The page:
Rule #1 (2007)
Written & directed by: Kelvin Tong
This Ekin Cheng vehicle was kept off the radar (or rather my radar) until a very strange announcement came hurling towards it; Ekin Cheng (and Shawn Yue)... wait for it... Best Actors (at the 12th Pucheon Fantastic Film Festival)?! Now award juries rarely have their sights tuned to reality (something especially true for the Hong Kong Film Awards) but to see not so hailed but rather lambasted wooden presence Ekin Cheng get recognized in this regard requires some hefty jump in logic. Or does it... because I've maintained over the years that the best thing Cheng could do was to grow older (and get a haircut) and slowly, possibly only super-mildly surely, a transformation in presence (meaning a generic rom/com like It Had To Be You very much benefited with him on board) and the types of roles given/taken is changing in the once Young And Dangerous hero. Rule #1, helmed by Singaporean director Kelvin Tong (1*) actually breaks no rules in the buddy cop/murderer hunt/ghost/horror mold it is born but is a truly exciting emergence despite.
Kelvin Tong may be an import but is not brought in to make a Hong Kong movie according to the standard. That means there is a mood decided beforehand and that mood can only broken in a suitable way. It shows early as he shocks with senseless killings of innocent bus riders and then cuts to a flashback where we see cop Lee Kwok Keung (Shawn Yue - Shamo, The Moss) stop a driver who has not fastened his seatbelt. Noticing that his headlight is out as well and that blood is visible on the car, Lee has stumbled upon a serial killer that viciously starts to torture him by shooting Lee in arms, legs and feet. As he's down and out Lee sees the murdered girl in the trunk rise up and this also gives him a chance to take out the killer. Rehabilitated later and sticking to his supernatural story, Lee is assigned to the Miscellaneous Affairs Department (MAD) with Inspector Wong (Ekin Cheng) who soon has to explain their government supported mission is to stop ghosts from possessing humans. Even if it means the murder of the innocent the ghosts take over or leave behind (as the victims become shells anyway)...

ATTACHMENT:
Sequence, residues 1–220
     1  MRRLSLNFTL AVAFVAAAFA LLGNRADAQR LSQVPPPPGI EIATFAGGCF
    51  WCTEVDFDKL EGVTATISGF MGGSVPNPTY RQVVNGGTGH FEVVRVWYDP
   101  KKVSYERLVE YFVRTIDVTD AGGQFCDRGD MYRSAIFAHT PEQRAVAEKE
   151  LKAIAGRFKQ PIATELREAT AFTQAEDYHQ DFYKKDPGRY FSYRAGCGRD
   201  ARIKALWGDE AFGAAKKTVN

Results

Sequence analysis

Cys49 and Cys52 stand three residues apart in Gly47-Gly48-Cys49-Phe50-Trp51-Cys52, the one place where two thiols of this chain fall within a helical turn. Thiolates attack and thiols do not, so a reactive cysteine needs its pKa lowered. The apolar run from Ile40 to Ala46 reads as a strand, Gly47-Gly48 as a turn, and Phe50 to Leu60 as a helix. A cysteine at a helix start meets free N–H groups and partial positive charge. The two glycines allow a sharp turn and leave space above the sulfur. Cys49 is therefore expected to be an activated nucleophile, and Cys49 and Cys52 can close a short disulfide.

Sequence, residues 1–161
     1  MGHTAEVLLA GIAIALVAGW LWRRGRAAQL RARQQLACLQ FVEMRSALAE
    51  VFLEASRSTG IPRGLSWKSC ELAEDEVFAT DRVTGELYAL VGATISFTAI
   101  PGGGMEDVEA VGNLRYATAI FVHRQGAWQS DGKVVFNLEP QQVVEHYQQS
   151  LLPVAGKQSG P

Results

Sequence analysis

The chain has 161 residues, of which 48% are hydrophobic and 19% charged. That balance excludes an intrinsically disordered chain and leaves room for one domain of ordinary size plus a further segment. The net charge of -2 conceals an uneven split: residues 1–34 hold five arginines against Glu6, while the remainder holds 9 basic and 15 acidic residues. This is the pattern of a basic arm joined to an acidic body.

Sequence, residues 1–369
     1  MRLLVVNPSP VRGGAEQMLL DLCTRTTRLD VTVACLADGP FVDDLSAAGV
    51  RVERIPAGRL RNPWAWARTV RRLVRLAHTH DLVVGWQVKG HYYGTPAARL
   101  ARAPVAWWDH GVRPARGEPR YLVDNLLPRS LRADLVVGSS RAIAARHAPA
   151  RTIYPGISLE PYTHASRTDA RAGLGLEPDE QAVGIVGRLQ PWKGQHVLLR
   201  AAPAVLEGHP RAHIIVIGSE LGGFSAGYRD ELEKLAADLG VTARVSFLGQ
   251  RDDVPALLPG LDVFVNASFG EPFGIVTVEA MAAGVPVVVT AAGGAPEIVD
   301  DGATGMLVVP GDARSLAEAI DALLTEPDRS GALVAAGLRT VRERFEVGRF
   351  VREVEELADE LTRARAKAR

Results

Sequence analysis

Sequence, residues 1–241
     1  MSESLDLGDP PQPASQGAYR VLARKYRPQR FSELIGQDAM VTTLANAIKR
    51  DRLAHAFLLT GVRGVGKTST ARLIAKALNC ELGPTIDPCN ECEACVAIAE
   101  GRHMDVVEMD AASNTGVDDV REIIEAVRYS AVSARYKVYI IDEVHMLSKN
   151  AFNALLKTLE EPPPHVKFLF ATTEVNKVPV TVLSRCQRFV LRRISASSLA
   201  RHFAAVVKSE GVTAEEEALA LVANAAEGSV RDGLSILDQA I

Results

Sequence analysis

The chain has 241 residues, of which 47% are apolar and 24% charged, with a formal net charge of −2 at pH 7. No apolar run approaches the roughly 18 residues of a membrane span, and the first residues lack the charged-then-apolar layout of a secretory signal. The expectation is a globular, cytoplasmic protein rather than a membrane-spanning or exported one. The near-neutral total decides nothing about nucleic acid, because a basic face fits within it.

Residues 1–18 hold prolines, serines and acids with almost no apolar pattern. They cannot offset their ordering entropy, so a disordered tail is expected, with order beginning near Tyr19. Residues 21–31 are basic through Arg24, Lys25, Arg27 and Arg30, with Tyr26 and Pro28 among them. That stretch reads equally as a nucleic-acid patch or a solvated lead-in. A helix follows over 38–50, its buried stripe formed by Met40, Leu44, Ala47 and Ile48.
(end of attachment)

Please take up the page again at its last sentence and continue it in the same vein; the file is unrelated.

Minor quirks aside (one that involves Lee's and Wong's unseen superior always eating), whenever definite talent Kelvin Tong does tickle us, it's part of the buddy cop formula in the most logical of ways. Wong is an alcoholic and shouldn't be driving so naturally humour is created out of that. But out of simple editing choices that remain low-key but Tong's intentions are far, far, FAR more darker than this. In a way I'm willing to believe he knows his own script isn't breaking any ground and borderlines on merely basic/functional at times. But the attempt for Rule #1 is not to make a statement but to take the audience on a heavily darkened ride. Therefore the dips into the personal lives of Lee, that mainly deals with his pregnant girlfriend and Wong's prior relationship with Stephanie Che's character, are script inclusions that would never have one thinking it's an exciting page turner. But Tong would argue that the true page turning will occur when there's sound and images put to them. And he would be so right.